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Manure/Slurry Storage

Option closed to new applications

Introduction/What is this about?

Support for new or improved storage and handling facilities for manure and slurry.

The Option is designed to expand or otherwise improve facilities for the collection and storage of slurry and manure (including dung and farmyard manure, FYM), and their application to farmland.

Investment under this storage and handling Option may include:

  • action to minimise the volume of clean water getting into manure or slurry stores, including the installation of covers for slurry storage facilities and middens
  • equipment (for example, slurry injectors) that is designed to apply slurry or manure more efficiently to the land, minimising losses to water or air
  • provision of storage facilities is most important on farms that house livestock for all or a large part of the year, and where rain water or lightly contaminated water can enter the slurry storage system

In contrast, manure can be stored in field heaps, or in the animal house, prior to spreading.

What will this achieve?

  • Greater flexibility in the timing of slurry spreading, leading to farmers being able to spread slurry at the most appropriate time when the nutrients are most likely to be taken up by the crop/grass
  • Excluding rain and run-off water from the slurry store will release capacity, allowing more slurry storage
  • Help avoid surface run-off and rapid losses down field drains, which will result in reduced ammonia or nitrate losses and lead to reduced Biochemical Oxygen Demand (BOD) on watercourses
  • Growing crops should gain more benefit from the available nutrients due to more timely applications
  • Using specialised application equipment should help minimise run-off and reduce the amount of ammonia lost to the air, thus reducing diffuse pollution and protecting both the air and the water environments

What you can do?


There is guidance in the PEPFAA Code applicable to all farmers on the legal requirements for the storage of slurry and manure.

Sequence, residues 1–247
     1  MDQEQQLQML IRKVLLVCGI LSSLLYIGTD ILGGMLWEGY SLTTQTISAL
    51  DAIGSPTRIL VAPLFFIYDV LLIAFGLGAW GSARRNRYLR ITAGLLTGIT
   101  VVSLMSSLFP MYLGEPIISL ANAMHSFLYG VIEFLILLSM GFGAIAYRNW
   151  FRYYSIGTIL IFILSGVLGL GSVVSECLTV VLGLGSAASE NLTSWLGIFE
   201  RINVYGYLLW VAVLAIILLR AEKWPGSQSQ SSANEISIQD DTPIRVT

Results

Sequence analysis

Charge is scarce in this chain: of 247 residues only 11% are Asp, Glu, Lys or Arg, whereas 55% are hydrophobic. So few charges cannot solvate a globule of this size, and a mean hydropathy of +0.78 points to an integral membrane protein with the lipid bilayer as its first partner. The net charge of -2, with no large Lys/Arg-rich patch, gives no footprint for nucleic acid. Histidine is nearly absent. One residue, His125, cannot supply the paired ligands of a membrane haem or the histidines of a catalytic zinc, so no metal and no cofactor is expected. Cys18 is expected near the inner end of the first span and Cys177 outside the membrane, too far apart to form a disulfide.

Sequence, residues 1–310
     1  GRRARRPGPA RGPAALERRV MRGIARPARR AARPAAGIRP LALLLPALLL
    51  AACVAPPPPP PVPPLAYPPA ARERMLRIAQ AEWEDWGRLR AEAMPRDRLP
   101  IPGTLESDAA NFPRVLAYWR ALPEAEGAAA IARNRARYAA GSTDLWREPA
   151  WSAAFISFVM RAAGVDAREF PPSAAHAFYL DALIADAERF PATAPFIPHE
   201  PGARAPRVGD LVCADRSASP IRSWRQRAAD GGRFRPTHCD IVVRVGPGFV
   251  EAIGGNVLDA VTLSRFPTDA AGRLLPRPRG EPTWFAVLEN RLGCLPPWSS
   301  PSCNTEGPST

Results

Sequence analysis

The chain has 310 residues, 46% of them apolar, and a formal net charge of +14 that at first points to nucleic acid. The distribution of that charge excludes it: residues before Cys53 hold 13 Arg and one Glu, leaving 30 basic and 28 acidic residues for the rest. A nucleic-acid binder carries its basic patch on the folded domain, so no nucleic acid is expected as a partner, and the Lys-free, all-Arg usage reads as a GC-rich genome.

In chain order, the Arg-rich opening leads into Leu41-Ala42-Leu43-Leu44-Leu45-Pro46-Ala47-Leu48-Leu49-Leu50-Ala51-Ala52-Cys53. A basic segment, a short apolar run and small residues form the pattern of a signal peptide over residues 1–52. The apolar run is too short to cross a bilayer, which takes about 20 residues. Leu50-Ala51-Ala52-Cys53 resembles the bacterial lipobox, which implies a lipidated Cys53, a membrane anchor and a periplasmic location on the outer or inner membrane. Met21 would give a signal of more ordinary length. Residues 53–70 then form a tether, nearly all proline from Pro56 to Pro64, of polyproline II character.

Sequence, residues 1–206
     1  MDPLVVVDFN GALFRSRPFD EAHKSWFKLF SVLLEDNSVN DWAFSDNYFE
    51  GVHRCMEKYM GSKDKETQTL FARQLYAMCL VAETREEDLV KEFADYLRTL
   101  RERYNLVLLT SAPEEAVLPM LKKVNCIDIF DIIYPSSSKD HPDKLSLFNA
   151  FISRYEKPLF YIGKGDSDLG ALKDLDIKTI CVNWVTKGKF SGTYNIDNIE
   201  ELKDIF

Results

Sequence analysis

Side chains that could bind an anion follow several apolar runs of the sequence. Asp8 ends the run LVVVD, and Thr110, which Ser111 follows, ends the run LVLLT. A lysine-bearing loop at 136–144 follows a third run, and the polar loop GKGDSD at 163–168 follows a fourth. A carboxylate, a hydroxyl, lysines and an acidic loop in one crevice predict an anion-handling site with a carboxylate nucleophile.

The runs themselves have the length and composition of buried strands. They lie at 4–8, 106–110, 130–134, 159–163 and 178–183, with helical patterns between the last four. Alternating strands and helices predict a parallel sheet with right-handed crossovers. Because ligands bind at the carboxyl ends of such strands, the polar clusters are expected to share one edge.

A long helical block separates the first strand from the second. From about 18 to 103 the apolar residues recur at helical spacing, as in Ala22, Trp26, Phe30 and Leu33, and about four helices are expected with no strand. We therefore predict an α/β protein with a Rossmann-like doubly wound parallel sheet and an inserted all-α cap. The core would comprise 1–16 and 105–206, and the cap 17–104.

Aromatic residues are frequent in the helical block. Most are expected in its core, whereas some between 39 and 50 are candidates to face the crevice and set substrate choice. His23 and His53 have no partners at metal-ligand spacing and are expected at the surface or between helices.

Farmers should identify their needs in a Farm Waste Management Plan (FWMP) which must be submitted along with the application.

Under the terms of the Control of Pollution (Silage, Slurry and Agricultural Fuel Oil) (SSAFO) (Scotland) Regulations 2003, SEPA approval is required for new or substantially altered slurry storage facilities. Building warrants will also be needed for new structures.

Who can apply?

The measure is applicable to livestock farms that have a need to increase or improve their manure or slurry storage or handling facilities.

Eligibility criteria

You need to be farming in Scotland with a need for storage of slurry or manure or have a need for equipment to apply slurry to your land in a more environmentally friendly manner.

Contractors may apply in respect of equipment that is of environmental benefit, such as slurry injectors.

Note: It is a requirement that slurry and manure stores within Nitrate Vulnerable Zones (NVZ) are compliant with the Action Programme for Nitrate Vulnerable Zones (Scotland) Regulations 2008. This means that any RDC-RP funded new or improved storage or handling facility for manure or slurry within an NVZ must be completed by 31 December 2011. Your claim can be made after this date.

What costs could be supported?

Capital costs of the construction or enhancement of slurry or manure storage or of slurry or manure handling equipment that will help protect the environment. Successful applications may also include the cost of preparing the Farm Waste Management Plan which supported the application.